Under a front-end (FE) load option, you pay a commission to your dealer when you buy units of a fund. The commission is usually negotiable between you and your dealer.

Fund Facts

The Fund Facts documents highlight key information about each available series of a fund, including the performance history, risk ranking, investor suitability and the cost of buying and owning a fund.

Fund Total Assets

The amount of money invested in a fund, also referred to as Net Asset Value (NAV). NAV is calculated by adding the total value of the Fund's assets and subtracting the liabilities.

G

Growth Funds

A category of BMO Mutual Funds, these funds provide potential for higher long-term returns, often by investing in stocks. They range from relatively conservative equity funds that specialize in high quality Canadian "blue chip" stocks to funds that invest in major global stock markets. It's important to remember that higher growth potential may entail greater risk.

I

Inception Date

The date that a fund became available for sale to investors.

Income Funds

A category of BMO Mutual Funds, these funds typically invest in bonds, mortgages and other fixed income securities. The level of income and risk depend on the characteristics of investments in the fund's portfolio.

Investment Objectives

Included in the prospectus and fund facts, the fund's objective outlines the goals of the fund.

L

Last Distribution

The last date that a payout was made to unitholders of the net income or realized capital gains earned by a mutual fund.

Low Load Deferred Sales Charge (Low Load)

If you purchased your funds under the low load sales charge option (LL), you may be required to pay a fee if you redeem your fund units within a specified number of years after your purchase. Some fund companies offer both a Standard Deferred Sales Charge option and a Low Load Deferred Sales Charge option (i.e. over a reduced number of years).

M

Managed Solutions

An investment solution that wraps a mix of underlying mutual funds and/or ETFs into a single portfolio.

Management Expense Ratio (MER)

the ratio, expressed as a percentage, of the expenses of a fund to its average net asset value.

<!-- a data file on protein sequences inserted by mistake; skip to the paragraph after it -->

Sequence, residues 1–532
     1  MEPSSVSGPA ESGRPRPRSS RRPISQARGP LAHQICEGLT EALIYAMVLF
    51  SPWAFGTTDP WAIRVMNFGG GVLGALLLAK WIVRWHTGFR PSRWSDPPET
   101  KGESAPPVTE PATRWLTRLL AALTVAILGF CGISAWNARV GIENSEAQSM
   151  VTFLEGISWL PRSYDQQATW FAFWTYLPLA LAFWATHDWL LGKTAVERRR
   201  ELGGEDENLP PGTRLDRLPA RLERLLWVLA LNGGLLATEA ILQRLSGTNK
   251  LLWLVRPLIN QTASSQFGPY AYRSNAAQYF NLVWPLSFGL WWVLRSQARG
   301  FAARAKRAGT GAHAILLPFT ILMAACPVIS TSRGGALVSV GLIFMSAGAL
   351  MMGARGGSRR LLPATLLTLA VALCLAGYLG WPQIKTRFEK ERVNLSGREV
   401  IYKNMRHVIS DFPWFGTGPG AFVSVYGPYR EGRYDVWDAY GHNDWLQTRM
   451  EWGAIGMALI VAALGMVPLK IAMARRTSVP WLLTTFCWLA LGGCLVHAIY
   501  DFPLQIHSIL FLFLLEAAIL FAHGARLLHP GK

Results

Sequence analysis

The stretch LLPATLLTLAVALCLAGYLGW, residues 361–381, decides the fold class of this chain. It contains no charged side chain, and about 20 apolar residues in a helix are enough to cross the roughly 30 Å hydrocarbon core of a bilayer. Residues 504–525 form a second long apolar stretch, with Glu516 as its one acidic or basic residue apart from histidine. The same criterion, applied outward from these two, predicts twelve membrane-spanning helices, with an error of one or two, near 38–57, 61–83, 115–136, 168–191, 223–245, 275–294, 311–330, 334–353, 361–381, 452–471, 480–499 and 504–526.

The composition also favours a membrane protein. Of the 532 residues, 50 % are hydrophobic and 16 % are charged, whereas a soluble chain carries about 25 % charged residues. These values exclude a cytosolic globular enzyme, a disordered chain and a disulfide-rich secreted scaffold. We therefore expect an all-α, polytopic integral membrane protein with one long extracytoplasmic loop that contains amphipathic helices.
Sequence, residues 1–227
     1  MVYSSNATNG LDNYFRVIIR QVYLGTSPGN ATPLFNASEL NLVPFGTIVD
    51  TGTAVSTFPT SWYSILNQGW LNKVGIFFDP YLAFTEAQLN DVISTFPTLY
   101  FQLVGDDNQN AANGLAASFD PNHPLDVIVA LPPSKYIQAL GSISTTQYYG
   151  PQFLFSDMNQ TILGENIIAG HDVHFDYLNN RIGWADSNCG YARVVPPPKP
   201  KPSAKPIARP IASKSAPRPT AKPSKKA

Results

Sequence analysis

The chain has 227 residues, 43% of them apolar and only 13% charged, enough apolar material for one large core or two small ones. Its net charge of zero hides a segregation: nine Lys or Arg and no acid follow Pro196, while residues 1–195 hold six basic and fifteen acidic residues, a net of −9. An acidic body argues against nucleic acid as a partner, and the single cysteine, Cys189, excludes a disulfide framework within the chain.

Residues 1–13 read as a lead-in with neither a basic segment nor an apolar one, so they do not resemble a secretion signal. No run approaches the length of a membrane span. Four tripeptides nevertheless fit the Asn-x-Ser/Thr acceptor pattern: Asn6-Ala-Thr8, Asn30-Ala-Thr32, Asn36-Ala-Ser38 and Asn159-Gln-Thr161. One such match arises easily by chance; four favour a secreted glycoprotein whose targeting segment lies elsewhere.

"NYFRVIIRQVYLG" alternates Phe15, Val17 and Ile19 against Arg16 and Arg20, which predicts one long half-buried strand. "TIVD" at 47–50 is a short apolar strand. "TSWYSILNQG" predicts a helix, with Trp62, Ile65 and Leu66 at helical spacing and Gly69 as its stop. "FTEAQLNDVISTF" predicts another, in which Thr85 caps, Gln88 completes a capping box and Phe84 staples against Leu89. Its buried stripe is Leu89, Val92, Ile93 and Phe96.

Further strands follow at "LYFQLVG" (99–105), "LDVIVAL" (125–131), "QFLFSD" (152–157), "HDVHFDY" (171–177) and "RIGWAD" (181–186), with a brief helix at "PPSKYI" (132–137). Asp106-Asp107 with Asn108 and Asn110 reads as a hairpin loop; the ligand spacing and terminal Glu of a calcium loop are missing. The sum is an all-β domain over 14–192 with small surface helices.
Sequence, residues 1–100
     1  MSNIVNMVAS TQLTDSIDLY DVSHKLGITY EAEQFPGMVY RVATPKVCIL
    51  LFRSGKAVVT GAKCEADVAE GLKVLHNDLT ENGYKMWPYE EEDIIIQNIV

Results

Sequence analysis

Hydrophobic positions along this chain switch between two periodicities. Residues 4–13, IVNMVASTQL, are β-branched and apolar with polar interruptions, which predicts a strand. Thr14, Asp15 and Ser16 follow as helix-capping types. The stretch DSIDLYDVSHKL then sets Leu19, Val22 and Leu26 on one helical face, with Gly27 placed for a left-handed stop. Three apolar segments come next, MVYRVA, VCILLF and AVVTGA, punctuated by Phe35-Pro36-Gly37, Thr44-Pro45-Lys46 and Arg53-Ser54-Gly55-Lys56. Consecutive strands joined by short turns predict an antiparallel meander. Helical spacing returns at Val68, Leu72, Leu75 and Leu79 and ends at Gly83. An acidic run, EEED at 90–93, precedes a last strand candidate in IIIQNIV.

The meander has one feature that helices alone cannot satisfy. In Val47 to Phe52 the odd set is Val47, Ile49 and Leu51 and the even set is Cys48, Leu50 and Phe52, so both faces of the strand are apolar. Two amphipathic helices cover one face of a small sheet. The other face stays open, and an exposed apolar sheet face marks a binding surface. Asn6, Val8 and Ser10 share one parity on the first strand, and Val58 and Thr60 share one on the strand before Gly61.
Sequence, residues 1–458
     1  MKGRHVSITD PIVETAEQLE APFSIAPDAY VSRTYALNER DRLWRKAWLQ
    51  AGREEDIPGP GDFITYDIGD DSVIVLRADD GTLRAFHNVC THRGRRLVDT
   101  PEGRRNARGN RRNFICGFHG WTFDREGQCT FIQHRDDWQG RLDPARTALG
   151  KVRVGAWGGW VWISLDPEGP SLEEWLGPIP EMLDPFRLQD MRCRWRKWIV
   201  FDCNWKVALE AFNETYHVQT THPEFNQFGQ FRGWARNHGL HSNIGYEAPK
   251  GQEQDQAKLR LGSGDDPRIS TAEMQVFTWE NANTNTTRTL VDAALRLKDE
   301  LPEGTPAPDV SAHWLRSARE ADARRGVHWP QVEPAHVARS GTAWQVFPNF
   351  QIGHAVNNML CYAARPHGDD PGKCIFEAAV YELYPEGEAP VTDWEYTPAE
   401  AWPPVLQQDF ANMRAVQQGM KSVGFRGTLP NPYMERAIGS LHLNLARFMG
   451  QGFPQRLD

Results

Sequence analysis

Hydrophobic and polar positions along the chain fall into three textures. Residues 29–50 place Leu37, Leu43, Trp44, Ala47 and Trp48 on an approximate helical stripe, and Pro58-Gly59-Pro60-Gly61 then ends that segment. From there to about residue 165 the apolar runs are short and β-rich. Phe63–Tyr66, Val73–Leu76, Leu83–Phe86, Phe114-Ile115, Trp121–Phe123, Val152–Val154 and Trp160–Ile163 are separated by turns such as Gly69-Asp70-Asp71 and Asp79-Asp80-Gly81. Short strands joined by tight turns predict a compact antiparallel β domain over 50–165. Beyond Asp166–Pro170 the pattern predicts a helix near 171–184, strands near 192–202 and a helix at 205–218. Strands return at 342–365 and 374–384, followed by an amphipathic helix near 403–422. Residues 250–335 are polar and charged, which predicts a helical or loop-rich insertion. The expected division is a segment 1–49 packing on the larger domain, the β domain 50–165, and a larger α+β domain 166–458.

Management Expense Ratio (MER)

The management expense ratio is the total annual fee charged by the fund to pay for the costs associated with running the fund. It includes the management fee, operating expenses and applicable taxes. It does not include the TER. It is expressed as an annualized percentage of the average net asset value of the funds.

Management Fee

Each fund pays the manager a fee for management services and this fee is included in the fund's MER. The management fee is a percentage of your total investment and varies by fund and by series. It does not include a fund's operating expenses related to the operation of the fund.

Management Report of Financial Performance (MRFP)

Annual and semi-annual fund-specific reports that includes a management discussion of fund performance; financial highlights; past performance, and a summary of portfolio holdings as at the end of the relevant period.

Manager

BMO Asset Management, a Canadian investment manager responsible for providing managerial, administrative and compliance services to the BMO ETFs.

N

NAV

in relation to a particular BMO ETF, the total assets of the BMO ETF less the value of the total liabilities of the BMO ETF, as at a specific date.

NAV per Unit

in relation to a particular BMO ETF, the net asset value per unit, calculated by dividing the NAV of the BMO ETF by the total number of units outstanding.

No-load

A no-load mutual fund does not require you to pay a sales charge or redemptions fee when you buy, switch or redeem units of the fund.

O

Operating Expenses

Each fund pays operating expenses that include administration fees related to the day to day operation of the fund such as audit, legal, recordkeeping system and custodian fees. Operating expenses are included in the management expense ratio (MER) of a fund.

P

Passive Investing

An investing approach that provides access to a broad market, for example, through an index fund or exchange traded fund (ETF) that typically tracks the performance of a market index.

Portfolio Manager

Registered individual who manages the assets and expenses of a mutual fund according to the fund's objectives.

Price (NAVPS)

The market value of one unit of a mutual fund on a given day. Net Asset Value (NAV) is calculated by adding the total value of the Fund's assets and subtracting the liabilities. To find the net asset value per security (NAVPS), the Fund's Net Asset Value is divided by the total number of securities outstanding.